Moscow expels an American destroyer that approached its territorial waters.. Washington denies
Washington denied accusations made by Moscow that American warships had come too close to Russian territorial waters, after two Russian and American warships approached dangerously close to each other in the Sea of Japan on Friday.
The Russian Defense Ministry said in a statement that the US destroyer "Chaffee", which has been operating in the Sea of Japan for days, "approached the territorial waters of Russia" at around 17:00 (0800 GMT) and "tried to cross the border".
"The anti-submarine ship (Admiral Tributes) was in the area and issued a warning to a foreign ship regarding these unacceptable actions," the Moscow statement added.
He added that the US destroyer was "convinced by the determination of the Russian crew to prevent a violation of national borders, and turned back around 17:50 when it was less than sixty meters away" from the ship "Admiral Tributes".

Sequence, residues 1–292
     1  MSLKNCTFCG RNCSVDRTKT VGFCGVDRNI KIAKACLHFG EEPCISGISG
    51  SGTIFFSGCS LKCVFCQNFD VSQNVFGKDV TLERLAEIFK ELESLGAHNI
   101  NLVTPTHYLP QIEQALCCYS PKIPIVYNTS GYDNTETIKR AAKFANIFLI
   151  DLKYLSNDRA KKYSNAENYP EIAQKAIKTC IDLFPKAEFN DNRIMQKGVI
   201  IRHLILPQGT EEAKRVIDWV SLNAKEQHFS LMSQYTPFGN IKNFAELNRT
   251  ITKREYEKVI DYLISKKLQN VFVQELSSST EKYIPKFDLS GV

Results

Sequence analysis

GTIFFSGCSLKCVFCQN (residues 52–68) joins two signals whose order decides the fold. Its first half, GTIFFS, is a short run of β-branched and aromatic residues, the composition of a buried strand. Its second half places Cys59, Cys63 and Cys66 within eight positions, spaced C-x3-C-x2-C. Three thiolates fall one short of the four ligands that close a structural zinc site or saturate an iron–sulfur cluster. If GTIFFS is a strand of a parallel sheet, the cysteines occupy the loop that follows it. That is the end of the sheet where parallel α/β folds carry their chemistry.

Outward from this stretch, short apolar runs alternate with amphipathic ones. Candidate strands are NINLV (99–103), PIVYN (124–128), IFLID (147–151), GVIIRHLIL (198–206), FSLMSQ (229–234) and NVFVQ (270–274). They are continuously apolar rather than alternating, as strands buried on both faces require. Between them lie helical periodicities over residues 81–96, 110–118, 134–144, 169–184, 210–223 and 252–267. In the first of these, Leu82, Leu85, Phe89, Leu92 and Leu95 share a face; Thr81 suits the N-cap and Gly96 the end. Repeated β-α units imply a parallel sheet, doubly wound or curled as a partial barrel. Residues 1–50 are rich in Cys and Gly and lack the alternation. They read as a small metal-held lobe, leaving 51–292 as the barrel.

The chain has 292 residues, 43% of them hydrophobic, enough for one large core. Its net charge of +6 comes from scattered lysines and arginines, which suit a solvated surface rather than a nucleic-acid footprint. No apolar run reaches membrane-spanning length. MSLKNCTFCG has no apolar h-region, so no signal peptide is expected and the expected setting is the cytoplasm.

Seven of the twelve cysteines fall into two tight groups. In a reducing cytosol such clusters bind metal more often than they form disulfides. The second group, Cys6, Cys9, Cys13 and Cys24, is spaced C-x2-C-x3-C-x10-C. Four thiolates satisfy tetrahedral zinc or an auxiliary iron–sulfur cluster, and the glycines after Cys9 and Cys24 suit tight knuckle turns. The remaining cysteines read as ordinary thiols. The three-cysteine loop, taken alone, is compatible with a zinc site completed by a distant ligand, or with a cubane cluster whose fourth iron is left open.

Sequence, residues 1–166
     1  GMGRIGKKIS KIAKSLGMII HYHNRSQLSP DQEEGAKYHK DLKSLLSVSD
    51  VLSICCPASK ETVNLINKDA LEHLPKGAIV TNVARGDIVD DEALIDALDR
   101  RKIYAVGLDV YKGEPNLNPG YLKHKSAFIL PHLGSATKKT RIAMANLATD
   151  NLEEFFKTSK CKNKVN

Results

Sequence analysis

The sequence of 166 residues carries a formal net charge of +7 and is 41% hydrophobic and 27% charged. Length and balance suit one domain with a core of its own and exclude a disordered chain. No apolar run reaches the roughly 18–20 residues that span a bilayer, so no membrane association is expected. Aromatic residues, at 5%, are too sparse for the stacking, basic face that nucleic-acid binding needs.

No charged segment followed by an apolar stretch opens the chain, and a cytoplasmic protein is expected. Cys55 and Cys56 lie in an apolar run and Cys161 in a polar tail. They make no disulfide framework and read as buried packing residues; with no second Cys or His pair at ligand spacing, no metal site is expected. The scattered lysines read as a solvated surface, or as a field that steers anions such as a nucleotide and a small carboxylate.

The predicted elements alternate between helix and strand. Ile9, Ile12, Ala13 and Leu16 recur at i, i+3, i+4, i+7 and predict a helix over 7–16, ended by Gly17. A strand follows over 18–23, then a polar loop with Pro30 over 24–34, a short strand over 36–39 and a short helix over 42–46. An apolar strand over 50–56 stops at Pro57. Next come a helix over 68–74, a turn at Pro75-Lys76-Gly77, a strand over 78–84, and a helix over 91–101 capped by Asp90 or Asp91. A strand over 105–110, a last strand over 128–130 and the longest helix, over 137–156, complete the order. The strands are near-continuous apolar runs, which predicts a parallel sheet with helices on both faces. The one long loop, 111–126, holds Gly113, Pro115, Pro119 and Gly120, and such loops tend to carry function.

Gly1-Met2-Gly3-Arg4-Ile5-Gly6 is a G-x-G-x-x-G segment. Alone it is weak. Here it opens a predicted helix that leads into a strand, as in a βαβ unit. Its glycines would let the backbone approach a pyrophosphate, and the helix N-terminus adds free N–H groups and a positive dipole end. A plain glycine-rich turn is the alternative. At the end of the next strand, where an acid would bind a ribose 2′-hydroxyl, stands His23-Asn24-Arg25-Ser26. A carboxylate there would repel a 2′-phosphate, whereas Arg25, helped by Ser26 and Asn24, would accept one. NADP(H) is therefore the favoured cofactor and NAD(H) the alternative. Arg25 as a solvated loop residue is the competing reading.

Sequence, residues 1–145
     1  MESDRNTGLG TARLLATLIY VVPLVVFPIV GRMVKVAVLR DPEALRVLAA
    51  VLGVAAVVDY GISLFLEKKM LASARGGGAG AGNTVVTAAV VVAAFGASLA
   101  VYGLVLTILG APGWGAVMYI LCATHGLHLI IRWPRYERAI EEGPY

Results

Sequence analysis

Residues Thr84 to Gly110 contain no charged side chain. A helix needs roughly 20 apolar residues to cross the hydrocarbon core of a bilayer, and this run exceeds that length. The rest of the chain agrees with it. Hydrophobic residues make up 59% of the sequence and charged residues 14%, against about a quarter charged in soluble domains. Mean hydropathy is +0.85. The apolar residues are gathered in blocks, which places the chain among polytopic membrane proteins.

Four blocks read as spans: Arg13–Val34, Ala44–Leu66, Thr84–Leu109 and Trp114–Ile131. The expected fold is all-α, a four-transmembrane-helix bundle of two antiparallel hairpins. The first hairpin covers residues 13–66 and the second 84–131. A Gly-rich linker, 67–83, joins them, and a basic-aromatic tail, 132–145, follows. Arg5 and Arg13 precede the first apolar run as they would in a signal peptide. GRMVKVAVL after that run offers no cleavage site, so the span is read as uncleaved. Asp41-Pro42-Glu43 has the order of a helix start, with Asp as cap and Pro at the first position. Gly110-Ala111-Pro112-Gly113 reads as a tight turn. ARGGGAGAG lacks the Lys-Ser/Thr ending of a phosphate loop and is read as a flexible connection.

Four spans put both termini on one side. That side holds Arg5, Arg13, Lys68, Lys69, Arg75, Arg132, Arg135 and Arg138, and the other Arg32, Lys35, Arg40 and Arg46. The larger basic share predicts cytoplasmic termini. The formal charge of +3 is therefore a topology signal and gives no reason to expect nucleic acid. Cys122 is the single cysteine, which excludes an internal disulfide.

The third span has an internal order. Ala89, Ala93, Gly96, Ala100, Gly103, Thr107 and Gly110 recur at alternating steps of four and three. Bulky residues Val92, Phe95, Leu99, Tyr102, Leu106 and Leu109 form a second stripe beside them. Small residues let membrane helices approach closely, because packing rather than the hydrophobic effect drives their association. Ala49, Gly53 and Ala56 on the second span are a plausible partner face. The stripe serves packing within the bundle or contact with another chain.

He added that the Russian Navy informed the US ship that it was sailing in an area "closed to navigation due to artillery fire as part of the joint Russian-Chinese exercises (Joint C 2021)."
In response to the statement, the US Navy confirmed that what was stated was "wrong". In a statement, it said the USS Chaffee was "carrying out routine operations in the international waters of the Sea of Japan."
She described the interaction between the two ships as "safe and professional."
Washington acknowledged that Russia had informed the American sailors of maneuvers in the region, but confirmed that they were scheduled "later today."
The US Navy added that its destroyer "respected international laws and norms," stressing that the United States "will continue to fly, sail, and operate wherever international law allows it."
Incidents with the Russian Navy are rare in the Pacific.
The region is controlled by China, which does not view with satisfaction the regular patrols carried out by the United States and its allies in the international waters of the region to assert their rights to freedom of navigation.
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